11 Connection OPINION

Online Editor: COLIN MORRIS Business Manager: MYKIAH BROWN Business Team: ANDREA ANDERSON, AUDREY JONES News Manager: REBEKAH KISH Features Manager: MACI SMITH Entertainment /Opinion Manager: TYLER HOOKS Sports Manager: KRISTIN RUSSELL Photo Editor: VERONIKA SCHIEBLER Design Editor: CARLOS MEDINA

Cleaning the Mess: Custodian Jammie Ware, wipes down the cafeteria tables with a mop used only for tables. Photo by Caline Forward

Staff Artist: TAYLOR TROSTLE Staff: ADOLFO MUNOZ CALINE FORWARD CHLOE TREJO FRIDA DELGADILLO HALA KHAN JESSICA BOTT VYNNA CHITOLIE Adviser: SAMANTHA BERRY


12 ENTERTAINMENT

10

December 2, 2013

reasons to see The Hunger Games: Catching Fire

Audrey JONES Business Team

Action packed

Best. Cast. Ever.

The movie is a guaranteed action thriller. Killer monkeys, violent district rebellions, destruction of arenas with one arrow, etc.

The actors with main roles in the movie were also in other great films including “The Last Song,”“Pirates of the Caribbean: On Stranger Tides” and “Zombieland.”

J. Law . . . she’s perf.

Love triangle

Gentlemen - Jennifer Lawrence, who also played Mystique in “X Men: First Class,” is the leading lady of this movie as Katniss Everdeen. That speaks for itself.

The love triangle between characters Gale Hawthorne, Katniss Everdeen and Peeta Mellark gets more intense in this movie. Don’t worry, it’s a better love story than “Twilight.”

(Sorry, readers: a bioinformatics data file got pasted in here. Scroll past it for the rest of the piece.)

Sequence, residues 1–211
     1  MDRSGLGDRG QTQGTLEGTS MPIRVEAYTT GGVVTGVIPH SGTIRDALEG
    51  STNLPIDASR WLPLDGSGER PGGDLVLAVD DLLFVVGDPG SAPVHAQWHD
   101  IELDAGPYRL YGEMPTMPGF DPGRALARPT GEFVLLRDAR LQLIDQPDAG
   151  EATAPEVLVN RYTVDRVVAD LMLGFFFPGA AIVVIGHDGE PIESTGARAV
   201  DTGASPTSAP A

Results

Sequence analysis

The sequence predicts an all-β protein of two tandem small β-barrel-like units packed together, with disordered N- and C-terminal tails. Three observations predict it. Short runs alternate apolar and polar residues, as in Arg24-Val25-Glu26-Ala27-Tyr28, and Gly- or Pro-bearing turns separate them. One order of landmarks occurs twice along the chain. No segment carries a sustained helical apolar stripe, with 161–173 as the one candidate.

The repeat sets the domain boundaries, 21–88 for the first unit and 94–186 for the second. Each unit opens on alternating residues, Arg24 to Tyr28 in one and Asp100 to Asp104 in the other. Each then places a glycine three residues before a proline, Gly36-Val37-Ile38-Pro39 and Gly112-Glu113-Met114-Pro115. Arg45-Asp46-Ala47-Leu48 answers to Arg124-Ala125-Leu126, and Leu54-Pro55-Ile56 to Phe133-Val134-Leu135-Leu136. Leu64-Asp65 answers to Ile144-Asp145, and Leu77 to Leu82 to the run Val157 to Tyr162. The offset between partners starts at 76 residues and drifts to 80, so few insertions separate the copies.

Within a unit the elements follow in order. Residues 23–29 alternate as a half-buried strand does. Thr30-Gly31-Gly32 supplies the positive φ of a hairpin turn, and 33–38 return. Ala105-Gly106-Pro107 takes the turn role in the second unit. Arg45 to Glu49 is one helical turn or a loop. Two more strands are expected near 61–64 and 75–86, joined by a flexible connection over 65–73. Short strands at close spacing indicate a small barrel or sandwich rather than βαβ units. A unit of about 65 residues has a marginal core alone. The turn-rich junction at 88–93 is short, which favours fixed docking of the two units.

J. Hutch, c’mon

Awesome director

Josh Hutcherson plays lead character Peeta Mellark, the baker from District 12 who turned a warshocked game victor and heartbroken boy after “The Hunger Games.” He also has a jawline that can cut glass. Talk about attractive.

Director Francis Lawrence has experience in other book adaptations like “Water For Elephants” and the hair-raising zombie apocalypse story “I Am Legend.” Although there are no zombies involved in “Catching Fire,” Lawrence will do the book justice.

Everyone will be there

Bring tissues

It’s one of the most anticipated Fall movies of 2013. You don’t want to miss seeing it in theaters.

The movie has some heartwrenching scenes in it that will make movie history. Ever heard of a jabberjay? Have a box of tissues next to you ‘cause you’ll need it.

Flawless fashion One of the most visually pleasing things about The Hunger Games was the clothing and costumes of the wealthy people of Panem. In “Catching Fire” we’ll see a rejuvenated version of the couture with the dark twists of revolution that Katniss’ character creates.


cchspress.com

ENTERTAINMENT

13